The others were all very sweet, but I knew that they were just trying to be nice. Mallory always looked genuinely happy to see me. I really felt like she liked me. In CYT we would have little bags that you could put notes or gifts into, and she would send me one or two little messages that said, “I love you, girly!” or “You’re doing great!” or something like that. I don’t remember her doing anything other giving me hugs, giving me attention, and sending those little messages. But that was more than enough to have the biggest impact anyone has ever had on my life, outside of my family. It was such a big deal to me that an eighteen year-old, popular, star like her would give a third-grader nobody like me. I was confident and had plenty of friends, but there was just something about being noticed by someone like her that made me feel special. I just remember how loved she made me feel.
Of course, the way she treated me made a huge impact on my life back then, but the real impact hit several years later when I became a teenager. I started to have an understanding of how the older kids felt when I was a kid. And then I realized how incredibly annoying I was back then. Not only was I weird and awkward, I was hyper, impulsive, and irritating. I was that kid. I was probably such a pain to be around, but that’s what makes it so amazing.
Not only did Mallory go out of her way to be kind and loving, she had the patience and compassion do so despite my behavior. The problem with being nice to impressionable little kids, is that they follow you around… everywhere. They don’t have that social sensor that tells them when they need to leave a big kid alone. I remember following her around everywhere. I always wanted to be around her because she treated me so well. I adored her. And she never once lost patience with me. I never in a million years would’ve guessed that I was probably driving her crazy. She showed me the love of Christ rather or not she wanted to.
She didn’t have to treat me the way she did. She could’ve been mean, or just ignored me, but she didn’t. She chose use her popular, star-status to make girls like me feel like a million bucks. It never even occurred to me that she treated anyone else the way she treated me. She was probably just as nice to every other girl, but it felt like I was the only one who she paid attention to.
She graduated from high school when I was in fourth grade and I haven’t seen her since. I’ve looked for her on all of the social media sites, but I haven’t found her. She will probably never know how much she means to me, or the depth of the impact she made on my life.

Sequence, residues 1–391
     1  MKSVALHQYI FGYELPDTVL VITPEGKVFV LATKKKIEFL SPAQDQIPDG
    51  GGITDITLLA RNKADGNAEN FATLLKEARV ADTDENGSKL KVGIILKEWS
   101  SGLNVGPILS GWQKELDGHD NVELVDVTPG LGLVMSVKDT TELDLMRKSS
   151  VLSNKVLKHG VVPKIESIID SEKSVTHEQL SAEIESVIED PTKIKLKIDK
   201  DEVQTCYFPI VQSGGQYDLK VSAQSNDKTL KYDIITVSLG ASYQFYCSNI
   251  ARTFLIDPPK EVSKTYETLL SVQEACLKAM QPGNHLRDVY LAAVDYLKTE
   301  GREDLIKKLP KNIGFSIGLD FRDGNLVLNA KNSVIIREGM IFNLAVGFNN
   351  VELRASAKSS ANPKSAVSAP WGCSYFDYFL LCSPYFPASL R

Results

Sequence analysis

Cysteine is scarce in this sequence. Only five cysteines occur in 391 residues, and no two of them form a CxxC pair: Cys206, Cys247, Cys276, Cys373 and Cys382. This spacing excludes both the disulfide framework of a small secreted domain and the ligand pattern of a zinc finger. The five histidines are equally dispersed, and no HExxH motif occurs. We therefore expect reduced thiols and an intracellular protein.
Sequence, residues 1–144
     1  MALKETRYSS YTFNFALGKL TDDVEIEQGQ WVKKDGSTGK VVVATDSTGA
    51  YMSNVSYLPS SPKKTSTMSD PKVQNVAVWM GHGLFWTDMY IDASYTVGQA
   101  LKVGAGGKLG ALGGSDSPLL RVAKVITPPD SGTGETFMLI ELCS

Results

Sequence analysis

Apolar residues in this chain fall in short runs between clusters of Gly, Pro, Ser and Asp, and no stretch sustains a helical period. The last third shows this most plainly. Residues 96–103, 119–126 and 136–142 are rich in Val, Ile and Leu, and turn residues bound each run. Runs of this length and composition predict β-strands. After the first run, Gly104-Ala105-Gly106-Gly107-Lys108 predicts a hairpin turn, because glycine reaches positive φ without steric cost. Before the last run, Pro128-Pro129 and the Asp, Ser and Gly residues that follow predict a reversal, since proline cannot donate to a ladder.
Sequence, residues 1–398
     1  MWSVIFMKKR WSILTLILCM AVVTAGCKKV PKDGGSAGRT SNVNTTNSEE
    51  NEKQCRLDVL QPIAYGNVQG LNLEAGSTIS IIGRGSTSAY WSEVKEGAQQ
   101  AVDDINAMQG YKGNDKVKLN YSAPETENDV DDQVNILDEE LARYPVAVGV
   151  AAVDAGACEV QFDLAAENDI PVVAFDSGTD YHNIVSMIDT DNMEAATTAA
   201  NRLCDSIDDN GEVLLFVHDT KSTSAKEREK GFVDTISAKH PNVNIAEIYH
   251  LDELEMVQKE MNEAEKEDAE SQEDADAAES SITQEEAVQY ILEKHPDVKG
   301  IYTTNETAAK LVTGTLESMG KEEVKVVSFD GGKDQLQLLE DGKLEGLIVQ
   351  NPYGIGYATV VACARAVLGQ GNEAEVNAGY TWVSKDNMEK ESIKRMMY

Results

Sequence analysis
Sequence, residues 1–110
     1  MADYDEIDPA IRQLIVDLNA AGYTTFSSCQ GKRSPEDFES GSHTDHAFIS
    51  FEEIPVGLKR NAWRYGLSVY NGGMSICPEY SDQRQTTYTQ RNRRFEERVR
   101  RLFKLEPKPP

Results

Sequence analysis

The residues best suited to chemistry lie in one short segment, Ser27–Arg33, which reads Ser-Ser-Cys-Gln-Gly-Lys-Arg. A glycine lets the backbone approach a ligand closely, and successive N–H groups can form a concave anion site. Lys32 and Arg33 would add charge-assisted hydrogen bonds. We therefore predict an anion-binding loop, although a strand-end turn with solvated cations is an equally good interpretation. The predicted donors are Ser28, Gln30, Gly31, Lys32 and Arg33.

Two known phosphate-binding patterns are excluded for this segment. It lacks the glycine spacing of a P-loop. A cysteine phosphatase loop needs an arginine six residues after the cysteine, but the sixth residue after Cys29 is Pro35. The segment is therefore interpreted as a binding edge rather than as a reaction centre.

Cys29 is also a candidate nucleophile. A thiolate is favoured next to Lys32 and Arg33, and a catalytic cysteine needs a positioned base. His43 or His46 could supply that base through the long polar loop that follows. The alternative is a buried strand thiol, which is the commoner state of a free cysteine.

When I realized the sacrifice she made in order to treat me with the love of Christ, I knew that it would be my goal and my privilege to do the same thing for as many people as I could. Because of Mallory, I know how much of an influence I can have on a kid’s life because of her influence in mine. I know how it made me feel, so I know it could make someone else feel.
Now, I am the age Mallory was when she touched my life. I look at these kids who are at the age I was and I see people who can grow up to carry on the cycle that started with Mallory. I do my best to make them feel loved, in hopes that one day they’ll do the same for the next generation. It can be very hard to be patient sometimes. Kids can be really annoying, and it’s worse when they won’t leave you alone. It can be very frustrating. But anytime I start to lose patience, I think of how many times Mallory was patient with me. If she could do it with me, I can do it with them.
I am so thankful that I have the understanding of what us teenagers can do. My goal throughout my high school/middle school experience has been to be someone’s “Mallory”; to make them feel as loved as I did.
Mallory’s influence is one of the main things that have kept my ego in check. I look at success and popularity as an opportunity to make a bigger impact, instead of it being a personal goal. I know that any popularity and success God allows me to have is a privilege; a tool that I can use to show Jesus to those around me by my actions and words. With it, comes the privilege and responsibility of using it to shine the Light of Christ and bring Him the glory. It has nothing to do with me.
Out of My Control:
You’d think that, as a performer, I wouldn’t like the idea that I’ll only perform as well as God allows me. I do all of the warm-ups and exercises I need to get ready to perform; but even if I do everything perfectly, if it’s in God’s plan that I fail, nothing I can do will stop that from happening.